Psychology Dictionary of Arguments

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Psychological Theories on Magical Thinking - Dictionary of Arguments

Upton I 78
Magical thinking/Psychological theories/Upton: Woolley (1997)(1) disagrees with the idea that children’s thinking is more magical than that of adults. Adults have been found to be just as likely as
Upton I 79
children to engage in magical thinking, especially when they do not have the knowledge to explain phenomena. Adults invent speculation to fill gaps in their knowledge, much as children do. It is therefore the social context that determines whether or not adults or children engage in magical thinking. >Animism/Piaget.


1. Woolley, J.D. (1997) Thinking about fantasy: are children fundamentally different thinkers and believers than adults? Child Development, 68: 991–1011.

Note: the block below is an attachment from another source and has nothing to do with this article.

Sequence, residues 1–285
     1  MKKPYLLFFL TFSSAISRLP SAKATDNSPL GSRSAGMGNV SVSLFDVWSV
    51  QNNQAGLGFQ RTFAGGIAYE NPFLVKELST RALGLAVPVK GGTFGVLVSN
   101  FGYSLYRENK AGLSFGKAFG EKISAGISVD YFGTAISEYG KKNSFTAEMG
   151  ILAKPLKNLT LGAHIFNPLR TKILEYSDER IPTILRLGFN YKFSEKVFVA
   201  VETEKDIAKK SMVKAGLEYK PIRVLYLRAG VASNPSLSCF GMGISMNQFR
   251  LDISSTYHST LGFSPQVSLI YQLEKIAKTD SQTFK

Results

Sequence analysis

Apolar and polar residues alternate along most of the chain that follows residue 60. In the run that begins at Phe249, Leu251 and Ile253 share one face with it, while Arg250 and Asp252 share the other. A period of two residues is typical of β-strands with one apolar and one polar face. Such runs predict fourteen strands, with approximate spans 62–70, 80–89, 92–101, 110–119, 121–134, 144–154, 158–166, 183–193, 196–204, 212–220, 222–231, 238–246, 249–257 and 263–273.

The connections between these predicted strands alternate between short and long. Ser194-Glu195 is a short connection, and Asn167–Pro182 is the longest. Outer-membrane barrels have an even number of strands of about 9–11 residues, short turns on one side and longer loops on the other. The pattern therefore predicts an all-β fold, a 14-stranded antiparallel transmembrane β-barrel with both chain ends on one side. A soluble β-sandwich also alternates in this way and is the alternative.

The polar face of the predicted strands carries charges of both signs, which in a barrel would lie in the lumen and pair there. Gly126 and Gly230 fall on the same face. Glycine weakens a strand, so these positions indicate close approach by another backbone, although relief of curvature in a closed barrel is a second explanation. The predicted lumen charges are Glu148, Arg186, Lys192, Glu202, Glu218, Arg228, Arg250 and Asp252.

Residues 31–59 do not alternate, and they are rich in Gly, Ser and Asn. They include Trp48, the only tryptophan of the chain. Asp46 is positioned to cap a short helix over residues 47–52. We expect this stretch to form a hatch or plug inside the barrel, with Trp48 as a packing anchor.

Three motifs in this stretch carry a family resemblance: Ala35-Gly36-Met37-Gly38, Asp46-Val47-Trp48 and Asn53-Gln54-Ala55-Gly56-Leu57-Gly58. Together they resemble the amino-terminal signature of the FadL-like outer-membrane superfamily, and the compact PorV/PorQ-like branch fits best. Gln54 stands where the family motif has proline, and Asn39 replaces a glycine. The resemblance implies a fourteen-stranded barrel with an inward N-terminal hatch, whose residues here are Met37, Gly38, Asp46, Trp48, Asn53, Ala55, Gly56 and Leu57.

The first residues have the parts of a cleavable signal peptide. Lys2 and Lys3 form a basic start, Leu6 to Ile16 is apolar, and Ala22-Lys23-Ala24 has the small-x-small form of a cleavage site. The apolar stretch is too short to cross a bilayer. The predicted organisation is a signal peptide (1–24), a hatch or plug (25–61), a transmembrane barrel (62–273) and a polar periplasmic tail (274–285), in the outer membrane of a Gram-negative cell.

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Explanation of symbols: Roman numerals indicate the source, arabic numerals indicate the page number. The corresponding books are indicated on the right hand side. ((s)…): Comment by the sender of the contribution. Translations: Dictionary of Arguments
The note [Concept/Author], [Author1]Vs[Author2] or [Author]Vs[term] resp. "problem:"/"solution:", "old:"/"new:" and "thesis:" is an addition from the Dictionary of Arguments. If a German edition is specified, the page numbers refer to this edition.
Psychological Theories
Upton I
Penney Upton
Developmental Psychology 2011


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